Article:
By John V. Berry, Esq., www.berrylegal.com
Our law firm represents federal employees in federal employee grievance procedures. Most, if not all federal agencies have their own federal employee grievance procedures. Most of these procedures are similar but each agency may have their own twists that an employee should be aware of.
Generally, federal employees turn to a federal agency’s grievance process when they: (1) don’t have an issue that might qualify to go to other forums, like the Equal Employment Opportunity (EEO) complaint process or the Merit Systems Protection Board (MSPB), or (2) are attempting to resolve an employment matter more informally. The goal in filing a grievance is to resolve an employment dispute through compromise. The more that an employee is willing to consider compromise in filing a grievance, the more likely it is that the grievance will be resolved.
Types of Grievances
There are usually two types of federal employee grievances: (1) union grievances, and (2) administrative grievances. Typically, federal employees that are eligible to be part of a union will proceed through the union grievance process (sometimes with, and sometimes without the assistance of the union) and those that are not eligible, usually supervisors, will proceed through the administrative grievance process.
Grievances are filed by federal employees usually as disputes over some employment issue affecting the employee. Sometimes, a grievance can involve a disciplinary action, performance action, re-assignment, transfer or other employment issue. There are numerous types of grounds for a potential grievance in the federal workplace. However, before filing a particular type of grievance, it is important to consult with an attorney and have a copy of the grievance process which applies to the particular federal employee.
Preparing the Grievance
Depending on the applicable grievance policy or collective bargaining agreement, the first step in the grievance process is to notify the appropriate supervisor that you have a grievance. Many grievance policies require that a federal employee notify a supervisor verbally of the grievance prior to filing a written grievance. Other policies require that a written grievance be filed first. The format required, while it may differ between agencies, does not affect the general result of the grievance process. 2016 Sample Grievance.
The Grievance Steps
Depending on the federal agency involved, a grievance will normally include 2-4 steps in the grievance procedure. At each step, the federal employee and a grievance official will attempt to resolve the grievance. Typically, the written grievance is followed with meeting to discuss or present the grievance in person. When we represent federal employees in grievance matters we typically present the grievance for them and the federal employee also speaks in order to provide necessary background for the grievance. Usually, at the end of a grievance presentation the federal employee will present a compromise resolution proposal. Following the grievance presentation, the employee will usually hear back informally about the proposed remedy, or will receive a written decision on the grievance itself.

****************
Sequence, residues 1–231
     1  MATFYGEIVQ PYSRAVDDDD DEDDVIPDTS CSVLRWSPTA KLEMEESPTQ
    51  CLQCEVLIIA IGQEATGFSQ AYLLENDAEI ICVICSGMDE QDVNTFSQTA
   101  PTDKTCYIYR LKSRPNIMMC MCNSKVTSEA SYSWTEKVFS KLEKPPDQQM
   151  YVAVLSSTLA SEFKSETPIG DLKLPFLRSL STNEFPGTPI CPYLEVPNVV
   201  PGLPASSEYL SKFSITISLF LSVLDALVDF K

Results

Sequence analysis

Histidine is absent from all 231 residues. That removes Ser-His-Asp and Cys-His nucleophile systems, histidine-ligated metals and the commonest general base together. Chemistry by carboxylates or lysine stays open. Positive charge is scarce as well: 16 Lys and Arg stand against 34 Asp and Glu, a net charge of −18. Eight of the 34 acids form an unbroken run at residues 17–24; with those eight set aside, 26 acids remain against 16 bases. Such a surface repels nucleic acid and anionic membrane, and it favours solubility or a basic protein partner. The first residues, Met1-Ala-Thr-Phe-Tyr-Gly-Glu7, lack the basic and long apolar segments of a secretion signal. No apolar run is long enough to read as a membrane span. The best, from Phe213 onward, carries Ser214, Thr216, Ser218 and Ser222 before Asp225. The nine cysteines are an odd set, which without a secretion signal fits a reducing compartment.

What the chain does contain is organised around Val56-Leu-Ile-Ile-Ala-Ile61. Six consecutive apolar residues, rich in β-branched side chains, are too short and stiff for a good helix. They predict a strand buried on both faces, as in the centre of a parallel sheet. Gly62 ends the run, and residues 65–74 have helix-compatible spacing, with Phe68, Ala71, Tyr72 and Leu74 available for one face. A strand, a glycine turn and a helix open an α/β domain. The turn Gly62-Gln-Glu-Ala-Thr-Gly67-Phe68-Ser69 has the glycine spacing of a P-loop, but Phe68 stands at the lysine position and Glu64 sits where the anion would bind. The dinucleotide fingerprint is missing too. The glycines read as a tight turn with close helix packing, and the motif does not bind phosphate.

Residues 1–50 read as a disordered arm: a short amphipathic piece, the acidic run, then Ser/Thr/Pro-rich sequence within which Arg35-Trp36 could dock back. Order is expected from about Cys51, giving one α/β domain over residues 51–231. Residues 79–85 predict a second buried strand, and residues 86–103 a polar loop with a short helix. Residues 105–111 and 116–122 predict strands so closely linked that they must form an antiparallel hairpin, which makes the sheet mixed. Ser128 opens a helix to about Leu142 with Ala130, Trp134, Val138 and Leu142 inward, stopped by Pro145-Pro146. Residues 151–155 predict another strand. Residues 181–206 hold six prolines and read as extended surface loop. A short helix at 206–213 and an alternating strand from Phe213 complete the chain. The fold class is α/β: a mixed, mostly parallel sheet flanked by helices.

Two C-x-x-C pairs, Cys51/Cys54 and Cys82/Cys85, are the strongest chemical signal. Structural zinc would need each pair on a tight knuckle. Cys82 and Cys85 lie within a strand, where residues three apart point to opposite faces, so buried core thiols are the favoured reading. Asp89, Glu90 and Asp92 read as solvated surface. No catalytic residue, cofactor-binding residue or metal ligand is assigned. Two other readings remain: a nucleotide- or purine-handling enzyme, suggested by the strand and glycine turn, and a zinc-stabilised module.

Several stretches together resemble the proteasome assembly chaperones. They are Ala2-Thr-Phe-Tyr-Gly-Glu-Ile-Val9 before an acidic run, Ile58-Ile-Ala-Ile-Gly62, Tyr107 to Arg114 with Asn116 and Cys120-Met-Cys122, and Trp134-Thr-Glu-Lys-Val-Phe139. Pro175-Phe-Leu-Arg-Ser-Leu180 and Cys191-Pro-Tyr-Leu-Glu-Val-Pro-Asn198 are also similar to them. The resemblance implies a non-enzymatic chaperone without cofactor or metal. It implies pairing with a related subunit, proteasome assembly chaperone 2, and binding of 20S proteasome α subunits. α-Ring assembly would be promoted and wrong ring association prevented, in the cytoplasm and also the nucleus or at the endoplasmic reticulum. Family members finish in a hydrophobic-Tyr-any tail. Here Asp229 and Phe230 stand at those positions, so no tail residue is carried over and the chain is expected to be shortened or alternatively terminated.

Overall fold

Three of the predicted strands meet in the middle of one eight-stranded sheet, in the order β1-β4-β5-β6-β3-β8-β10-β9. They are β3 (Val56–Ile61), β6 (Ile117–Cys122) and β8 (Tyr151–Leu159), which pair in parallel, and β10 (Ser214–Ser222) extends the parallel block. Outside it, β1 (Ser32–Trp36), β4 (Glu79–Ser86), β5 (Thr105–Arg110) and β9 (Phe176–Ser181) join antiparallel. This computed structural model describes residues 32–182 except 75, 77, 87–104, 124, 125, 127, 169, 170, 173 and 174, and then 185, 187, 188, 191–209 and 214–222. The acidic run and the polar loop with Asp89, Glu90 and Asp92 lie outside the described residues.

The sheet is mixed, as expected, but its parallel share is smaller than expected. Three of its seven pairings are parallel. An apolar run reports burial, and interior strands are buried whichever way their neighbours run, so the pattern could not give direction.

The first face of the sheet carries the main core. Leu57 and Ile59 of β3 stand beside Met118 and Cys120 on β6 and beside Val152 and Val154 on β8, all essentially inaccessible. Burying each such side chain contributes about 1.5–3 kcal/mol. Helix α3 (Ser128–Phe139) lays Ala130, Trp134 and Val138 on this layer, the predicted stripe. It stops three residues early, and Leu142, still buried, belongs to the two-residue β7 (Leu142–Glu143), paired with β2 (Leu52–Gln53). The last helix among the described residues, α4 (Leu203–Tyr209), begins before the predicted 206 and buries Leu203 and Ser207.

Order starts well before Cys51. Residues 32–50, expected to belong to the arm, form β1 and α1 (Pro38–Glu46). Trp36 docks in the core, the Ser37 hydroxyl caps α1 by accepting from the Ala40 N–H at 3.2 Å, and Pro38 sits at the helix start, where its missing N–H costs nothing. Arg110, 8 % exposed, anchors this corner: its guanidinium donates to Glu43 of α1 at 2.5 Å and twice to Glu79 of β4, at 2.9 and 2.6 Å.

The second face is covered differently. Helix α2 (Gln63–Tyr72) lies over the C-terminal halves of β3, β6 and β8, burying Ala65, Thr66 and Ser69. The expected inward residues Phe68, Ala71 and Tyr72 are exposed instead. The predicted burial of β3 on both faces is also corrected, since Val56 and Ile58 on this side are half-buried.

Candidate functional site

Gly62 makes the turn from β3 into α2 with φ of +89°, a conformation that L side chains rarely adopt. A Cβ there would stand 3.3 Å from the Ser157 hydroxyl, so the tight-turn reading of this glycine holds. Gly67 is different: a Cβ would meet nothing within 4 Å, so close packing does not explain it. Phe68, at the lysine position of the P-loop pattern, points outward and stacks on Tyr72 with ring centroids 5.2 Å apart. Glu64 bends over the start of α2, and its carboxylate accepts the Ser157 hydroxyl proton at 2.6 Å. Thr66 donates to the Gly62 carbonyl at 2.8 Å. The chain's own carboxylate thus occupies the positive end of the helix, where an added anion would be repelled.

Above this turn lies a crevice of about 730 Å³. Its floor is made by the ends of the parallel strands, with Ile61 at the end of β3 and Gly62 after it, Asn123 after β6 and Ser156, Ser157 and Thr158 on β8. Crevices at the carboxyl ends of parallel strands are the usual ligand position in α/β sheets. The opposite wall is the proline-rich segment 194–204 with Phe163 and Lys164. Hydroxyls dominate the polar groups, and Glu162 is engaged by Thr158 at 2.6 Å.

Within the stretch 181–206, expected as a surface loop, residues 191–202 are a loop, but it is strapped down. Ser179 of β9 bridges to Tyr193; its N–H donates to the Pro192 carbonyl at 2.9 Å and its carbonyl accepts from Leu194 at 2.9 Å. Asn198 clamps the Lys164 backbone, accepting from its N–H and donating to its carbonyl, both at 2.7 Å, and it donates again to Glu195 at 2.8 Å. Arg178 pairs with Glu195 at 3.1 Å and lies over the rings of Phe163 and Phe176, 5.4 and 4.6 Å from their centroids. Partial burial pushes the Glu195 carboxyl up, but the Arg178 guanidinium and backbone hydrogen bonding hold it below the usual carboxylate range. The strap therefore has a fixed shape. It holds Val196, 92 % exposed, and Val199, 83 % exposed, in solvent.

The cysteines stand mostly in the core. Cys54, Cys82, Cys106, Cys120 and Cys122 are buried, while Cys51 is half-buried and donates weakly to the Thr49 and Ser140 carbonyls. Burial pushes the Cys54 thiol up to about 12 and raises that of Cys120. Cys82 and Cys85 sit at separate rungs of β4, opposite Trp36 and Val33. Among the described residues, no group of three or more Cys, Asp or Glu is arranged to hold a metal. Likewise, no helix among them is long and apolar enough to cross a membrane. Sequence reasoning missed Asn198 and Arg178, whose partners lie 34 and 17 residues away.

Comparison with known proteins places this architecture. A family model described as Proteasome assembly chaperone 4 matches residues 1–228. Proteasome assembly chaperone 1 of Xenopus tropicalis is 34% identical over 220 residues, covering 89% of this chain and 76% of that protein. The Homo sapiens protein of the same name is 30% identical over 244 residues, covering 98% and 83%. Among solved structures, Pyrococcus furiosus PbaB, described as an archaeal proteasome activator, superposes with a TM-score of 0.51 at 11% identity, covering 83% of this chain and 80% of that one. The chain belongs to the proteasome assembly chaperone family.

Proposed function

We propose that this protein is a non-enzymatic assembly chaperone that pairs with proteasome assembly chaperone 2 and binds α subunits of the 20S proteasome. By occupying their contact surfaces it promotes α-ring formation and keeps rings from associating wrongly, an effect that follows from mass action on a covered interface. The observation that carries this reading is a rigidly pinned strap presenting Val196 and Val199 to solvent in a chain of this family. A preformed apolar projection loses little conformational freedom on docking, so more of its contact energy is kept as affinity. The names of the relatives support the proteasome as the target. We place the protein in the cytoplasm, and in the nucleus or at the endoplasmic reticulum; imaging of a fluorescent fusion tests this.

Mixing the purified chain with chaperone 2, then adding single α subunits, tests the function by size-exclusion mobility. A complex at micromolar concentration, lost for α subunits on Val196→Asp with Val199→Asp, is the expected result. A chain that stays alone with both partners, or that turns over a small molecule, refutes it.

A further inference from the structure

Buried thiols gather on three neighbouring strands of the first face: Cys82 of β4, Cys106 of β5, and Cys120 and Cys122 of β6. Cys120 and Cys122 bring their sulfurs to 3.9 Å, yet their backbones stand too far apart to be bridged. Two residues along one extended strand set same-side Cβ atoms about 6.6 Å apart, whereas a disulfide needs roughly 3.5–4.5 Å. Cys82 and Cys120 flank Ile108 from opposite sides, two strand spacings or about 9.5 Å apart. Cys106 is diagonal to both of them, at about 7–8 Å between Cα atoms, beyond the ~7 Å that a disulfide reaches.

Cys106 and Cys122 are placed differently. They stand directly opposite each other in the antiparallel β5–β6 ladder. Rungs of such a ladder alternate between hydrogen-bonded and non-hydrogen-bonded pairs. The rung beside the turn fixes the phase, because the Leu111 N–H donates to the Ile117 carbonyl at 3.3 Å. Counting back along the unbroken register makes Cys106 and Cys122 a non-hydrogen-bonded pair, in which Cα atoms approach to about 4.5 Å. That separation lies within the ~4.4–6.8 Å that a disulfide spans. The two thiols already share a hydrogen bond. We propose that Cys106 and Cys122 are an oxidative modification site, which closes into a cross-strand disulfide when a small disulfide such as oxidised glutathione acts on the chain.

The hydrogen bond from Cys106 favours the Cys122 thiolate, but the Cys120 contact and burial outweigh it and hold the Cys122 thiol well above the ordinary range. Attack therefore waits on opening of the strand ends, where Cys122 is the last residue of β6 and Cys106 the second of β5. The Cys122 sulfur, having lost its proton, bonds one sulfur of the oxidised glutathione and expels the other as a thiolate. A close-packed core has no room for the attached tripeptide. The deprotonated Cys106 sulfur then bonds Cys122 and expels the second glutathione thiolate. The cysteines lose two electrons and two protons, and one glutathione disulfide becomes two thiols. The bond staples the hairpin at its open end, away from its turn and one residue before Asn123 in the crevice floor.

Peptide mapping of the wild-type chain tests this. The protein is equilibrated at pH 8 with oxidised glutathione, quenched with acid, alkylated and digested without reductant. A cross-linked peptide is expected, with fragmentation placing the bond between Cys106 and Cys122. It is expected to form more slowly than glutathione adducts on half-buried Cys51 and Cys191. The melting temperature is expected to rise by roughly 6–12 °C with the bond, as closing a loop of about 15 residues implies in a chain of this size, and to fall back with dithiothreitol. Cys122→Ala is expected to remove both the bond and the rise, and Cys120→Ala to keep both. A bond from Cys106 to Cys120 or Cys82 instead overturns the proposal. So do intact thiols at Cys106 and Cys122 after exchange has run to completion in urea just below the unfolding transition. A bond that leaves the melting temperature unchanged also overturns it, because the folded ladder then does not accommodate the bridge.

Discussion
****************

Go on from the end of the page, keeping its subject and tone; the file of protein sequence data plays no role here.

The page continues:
Sometimes, the end result will require compromise by both parties in order to resolve a grievance. Some grievance steps will require the supervisor to meet with the employee first and then issue a ruling on the grievance. Other steps only require a written decision at the first step. After each of the steps, the grievance will go generally go to a higher level supervisor as it progresses through the steps.
After the Grievance Process
If a grievance is not resolved at the end of the grievance process, many federal agency policies: (1) permit federal employees to request arbitration (usually just for union-based grievance procedures), (2) grant federal employees the right to request an administrative hearing on the grievance, or (3) provide additional rights for review. It is important to understand how the applicable grievance procedure works for a particular federal agency prior to filing a grievance.
When a federal employee is considering filing an administrative or union grievance it is important to have an attorney represent or advise you. Our law firm represents federal employees in the different types of grievance processes. We can be contacted at www.berrylegal.com or by telephone at (703) 668-0070. Our Facebook page is located at http://facebook.com/BerryBerryPllc